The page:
Reimagining Women and the Family in the Age of Migration and ICT

Using ICTs to maintain family relationship and responsibility is, of course, well and good. What becomes problematic for migrant women, particularly mothers who compensate for their physical absence with the help of ICTs, is when such actions reinforce or create new forms of oppressive gender roles and relations. Bonka Boneva, Robert Kraut, and David Frohlich point this out in “Using E-mail for Personal Relationships: The Difference Gender Makes”38 where they illustrate how the use of new technologies perpetuates traditional gender roles in communication behavior. They point to how previous researches suggest that women are more likely than men to define themselves through their social relations and argue that women have now appropriated communication technologies, particularly the internet, for such purpose.

The use of ICTs to maintain family roles and relations becomes more problematic in the Asian context where traditionally it is still presupposed that Asian women, particularly mothers, will be primary caregivers or parents responsible for family and domestic labor. When one talks of the “Asian family,” for instance what usually comes to mind is that of a kinship system where decision-making is hierarchical and consensual whereby individual desires are usurped by the greater good of the family and based on a nostalgic vision of femininity that is accepted as inherently or culturally “Asian.” Even migration as a life-changing decision and process is deeply embedded, and must be understood, in the context of family norms, relations, and politics that often reconstitute the Asian family in ways which are sometimes destabilizing, sometimes affirming.39

Ke Yang’s study, for example, explained that the use of mobile phones among migrant workers in communicating with their loved ones back home “help mollify role-conflict that they experience as a result of living divided lives.” Yang dubbed this “concern in absence” which means that migrants express concern for the family members by calling them in their mobile phones to ask about their day-today experiences, especially their problems and concerns. He explained that this “concern in absence” makes distant motherhood possible and helps to alleviate the pain these migrants experience as a result of separation from home and family. Yang concluded that the use of mobile phones among migrant workers provides a method for reinforcing and maintaining family ties.40 This means, however, that migrant mothers bear the triple burden of work, family care, and sending remittances to their home countries.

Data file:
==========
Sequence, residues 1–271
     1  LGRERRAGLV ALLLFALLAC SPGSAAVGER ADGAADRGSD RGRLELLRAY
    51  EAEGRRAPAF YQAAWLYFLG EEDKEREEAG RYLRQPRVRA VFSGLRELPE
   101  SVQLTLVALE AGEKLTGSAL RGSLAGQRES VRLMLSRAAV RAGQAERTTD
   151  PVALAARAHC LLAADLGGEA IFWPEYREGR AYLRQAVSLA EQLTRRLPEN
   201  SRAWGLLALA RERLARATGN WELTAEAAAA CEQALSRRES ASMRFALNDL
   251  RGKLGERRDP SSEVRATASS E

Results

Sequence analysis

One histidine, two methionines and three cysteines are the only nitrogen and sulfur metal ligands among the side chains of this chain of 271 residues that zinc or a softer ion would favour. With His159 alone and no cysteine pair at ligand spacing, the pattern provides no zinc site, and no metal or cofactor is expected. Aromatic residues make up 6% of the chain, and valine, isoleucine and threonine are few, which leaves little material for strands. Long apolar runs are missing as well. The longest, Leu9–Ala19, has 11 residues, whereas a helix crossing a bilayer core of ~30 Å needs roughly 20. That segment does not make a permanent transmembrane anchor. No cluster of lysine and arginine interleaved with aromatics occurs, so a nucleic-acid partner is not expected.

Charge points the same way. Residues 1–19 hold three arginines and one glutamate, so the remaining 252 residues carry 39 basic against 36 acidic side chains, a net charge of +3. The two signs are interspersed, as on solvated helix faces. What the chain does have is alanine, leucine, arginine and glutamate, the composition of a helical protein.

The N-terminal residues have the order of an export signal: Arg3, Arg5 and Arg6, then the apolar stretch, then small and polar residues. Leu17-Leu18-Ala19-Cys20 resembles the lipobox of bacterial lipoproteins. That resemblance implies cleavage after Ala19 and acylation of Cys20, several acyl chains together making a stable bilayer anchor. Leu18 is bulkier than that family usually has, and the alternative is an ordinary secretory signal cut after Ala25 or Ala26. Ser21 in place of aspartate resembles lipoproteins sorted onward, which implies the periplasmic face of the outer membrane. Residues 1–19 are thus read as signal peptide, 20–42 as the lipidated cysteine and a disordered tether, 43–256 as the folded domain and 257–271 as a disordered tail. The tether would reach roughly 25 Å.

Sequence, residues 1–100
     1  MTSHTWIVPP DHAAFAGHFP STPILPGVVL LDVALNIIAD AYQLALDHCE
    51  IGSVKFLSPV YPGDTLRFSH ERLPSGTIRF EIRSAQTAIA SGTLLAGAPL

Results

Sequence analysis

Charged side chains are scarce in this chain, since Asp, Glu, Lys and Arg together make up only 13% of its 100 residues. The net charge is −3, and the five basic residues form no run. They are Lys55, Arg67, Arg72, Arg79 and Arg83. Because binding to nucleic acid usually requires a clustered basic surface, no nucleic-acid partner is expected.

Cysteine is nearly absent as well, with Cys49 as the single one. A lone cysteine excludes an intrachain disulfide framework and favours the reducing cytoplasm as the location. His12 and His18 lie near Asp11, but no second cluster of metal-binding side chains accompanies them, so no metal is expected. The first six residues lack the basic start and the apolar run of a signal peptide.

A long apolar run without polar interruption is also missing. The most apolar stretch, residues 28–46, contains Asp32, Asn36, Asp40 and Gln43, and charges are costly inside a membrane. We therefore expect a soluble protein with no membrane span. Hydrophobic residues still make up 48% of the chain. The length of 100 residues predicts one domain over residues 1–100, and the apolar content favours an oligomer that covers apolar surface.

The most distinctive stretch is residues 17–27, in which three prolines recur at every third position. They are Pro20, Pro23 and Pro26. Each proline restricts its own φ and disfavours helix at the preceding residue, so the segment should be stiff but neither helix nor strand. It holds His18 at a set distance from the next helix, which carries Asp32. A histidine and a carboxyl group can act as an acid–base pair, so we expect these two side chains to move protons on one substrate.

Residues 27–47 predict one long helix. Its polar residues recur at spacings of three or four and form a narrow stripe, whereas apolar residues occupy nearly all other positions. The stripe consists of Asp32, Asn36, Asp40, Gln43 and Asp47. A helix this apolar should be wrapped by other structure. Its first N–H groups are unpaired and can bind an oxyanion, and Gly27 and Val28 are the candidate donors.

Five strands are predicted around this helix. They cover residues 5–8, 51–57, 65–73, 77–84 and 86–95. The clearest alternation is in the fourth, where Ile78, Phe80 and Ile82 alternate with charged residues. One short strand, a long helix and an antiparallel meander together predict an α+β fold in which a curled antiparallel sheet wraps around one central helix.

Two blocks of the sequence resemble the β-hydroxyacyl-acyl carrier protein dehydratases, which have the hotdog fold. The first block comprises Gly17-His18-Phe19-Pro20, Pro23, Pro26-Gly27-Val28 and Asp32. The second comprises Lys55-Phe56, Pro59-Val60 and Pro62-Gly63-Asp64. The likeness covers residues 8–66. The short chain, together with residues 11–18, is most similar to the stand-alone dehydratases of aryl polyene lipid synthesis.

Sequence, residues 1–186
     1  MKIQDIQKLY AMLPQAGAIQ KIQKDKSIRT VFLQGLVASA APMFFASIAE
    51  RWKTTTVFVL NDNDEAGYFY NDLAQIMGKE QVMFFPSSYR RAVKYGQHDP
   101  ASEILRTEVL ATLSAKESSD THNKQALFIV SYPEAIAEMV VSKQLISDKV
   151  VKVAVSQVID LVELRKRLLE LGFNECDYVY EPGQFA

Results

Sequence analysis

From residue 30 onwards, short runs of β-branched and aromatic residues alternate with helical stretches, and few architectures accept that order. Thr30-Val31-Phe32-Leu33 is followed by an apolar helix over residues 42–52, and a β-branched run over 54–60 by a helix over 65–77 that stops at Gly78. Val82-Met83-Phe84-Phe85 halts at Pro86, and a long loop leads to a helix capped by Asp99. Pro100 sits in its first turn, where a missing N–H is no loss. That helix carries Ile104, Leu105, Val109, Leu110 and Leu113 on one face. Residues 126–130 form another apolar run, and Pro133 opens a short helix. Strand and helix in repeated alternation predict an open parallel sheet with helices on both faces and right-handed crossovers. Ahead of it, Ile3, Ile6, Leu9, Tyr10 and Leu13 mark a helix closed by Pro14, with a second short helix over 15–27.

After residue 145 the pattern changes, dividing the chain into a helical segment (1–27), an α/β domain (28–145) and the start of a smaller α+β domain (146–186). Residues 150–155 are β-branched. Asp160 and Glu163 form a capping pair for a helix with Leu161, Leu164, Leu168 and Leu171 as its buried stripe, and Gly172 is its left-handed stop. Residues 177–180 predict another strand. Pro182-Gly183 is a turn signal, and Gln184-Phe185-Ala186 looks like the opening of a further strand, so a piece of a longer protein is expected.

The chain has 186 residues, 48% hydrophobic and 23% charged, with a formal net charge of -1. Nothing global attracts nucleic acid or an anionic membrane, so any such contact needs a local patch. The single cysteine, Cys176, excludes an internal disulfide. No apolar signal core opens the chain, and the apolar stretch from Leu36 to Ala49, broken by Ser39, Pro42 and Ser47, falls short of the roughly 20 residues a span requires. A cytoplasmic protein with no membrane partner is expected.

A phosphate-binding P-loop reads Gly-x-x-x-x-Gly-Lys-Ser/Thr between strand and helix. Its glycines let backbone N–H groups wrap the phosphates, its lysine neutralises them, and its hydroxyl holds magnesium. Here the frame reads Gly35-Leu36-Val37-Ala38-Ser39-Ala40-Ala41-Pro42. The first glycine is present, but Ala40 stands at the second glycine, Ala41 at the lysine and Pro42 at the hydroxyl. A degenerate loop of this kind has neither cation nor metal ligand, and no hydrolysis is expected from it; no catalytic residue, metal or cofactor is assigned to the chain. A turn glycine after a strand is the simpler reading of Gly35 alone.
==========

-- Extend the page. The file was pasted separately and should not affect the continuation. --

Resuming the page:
Indeed, as Rhacel Salazar Parrenas argues, while the maintenance of transnational families holds tremendous promise for the transgression of gender boundaries41 it also upholds gender boundaries, for example, caring practices still maintain female domesticity.42 This gender paradox, Parrenas contends, could be seen in the fact that while the reorganization of the household into transnational structures questions the ideology of women’s domesticity, women’s migration has not led to a more egalitarian division of labor in the family.43

The burden is reinforced for migrant women in Catholic moral teachings in the way motherhood is presented as the locus of the dignity and vocation of women. Within Catholic Social Teaching (CST), for example, one gets the impression that women’s duties are, first and foremost, to be a good mother and wife.44 Maria Riley singles out and critiques what is embedded in such perspective.